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More batteries, less metal (per battery)
As the EU’s electric vehicle market continues to grow, its demand for batteries will grow, too. Concerns over the sustainability of batteries have mostly focused on their use of raw materials. T&E’s report took a deep dive into the sustainability of batteries and found that through recycling and technological improvements, the amounts of raw materials needed are set to decrease significantly. This is particularly the case for cobalt.
E-mobility infrastructure charging ahead
The blistering growth in electric vehicle sales is being met by a rapid increase in charging points. In 2020 Europe had over 220,000 charging stations, compared to around 160,000 in 2019. See how your country is faring in the EV race.
Electric vehicles: a route to much cleaner air
More electric cars doesn’t just mean more charging stations, it means cleaner air, too. T&E’s analysis of the potential impact of completely electrified fleets in selected European cities shows massive decreases in air pollution. In Brussels, Paris, Madrid and Budapest, a move to complete electrification would reduce deadly PM2.5 by over half. A recent review of the latest research on air pollution from electric vehicles indicates that the benefits may be even larger than assumed. However, cities can clean up quicker if they combine this with a modal shift that includes more active travel and more public transport.
Not all aviation emissions are treated equally
When it comes to aviation, not all emissions are treated equally. European legacy carriers have long escaped efforts to include flights outside of Europe in the EU’s carbon pricing scheme. This has meant low-cost carriers paying disproportionately more in carbon taxes. It comes as no surprise therefore that the likes of Ryanair and Easyjet have joined environmental groups in calling for an extension of the scheme’s coverage to flights leaving the EU. The dark blue in the chart below shows the emissions that aren’t covered in the current emissions trading system.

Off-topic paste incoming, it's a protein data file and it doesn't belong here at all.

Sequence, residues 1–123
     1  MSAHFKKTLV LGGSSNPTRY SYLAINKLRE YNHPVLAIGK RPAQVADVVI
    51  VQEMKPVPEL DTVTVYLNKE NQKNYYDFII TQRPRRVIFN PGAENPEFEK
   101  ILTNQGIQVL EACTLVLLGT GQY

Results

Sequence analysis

Nor are shipping emissions
As the EU weighs up whether to include intra-EU (trade within the EU) only voyages only in its carbon pricing scheme, or extend it to ships leaving and entering the EU, there is a clear divide in the shipping world. Large shipping companies – mostly wealthy container liners – are pushing to limit it to only intra-EU voyages, while short-sea shipping companies favour a larger scope. One only needs to look at the emissions data to understand why. The graph shows how limiting EU ETS to intra-EU only shipping will exempt up to 80% of EU-related emissions of the world’s largest shipping companies, while making smaller companies pay for most of their emissions. It begs the question: is it fair to give such huge exemptions to the largest and most polluting companies?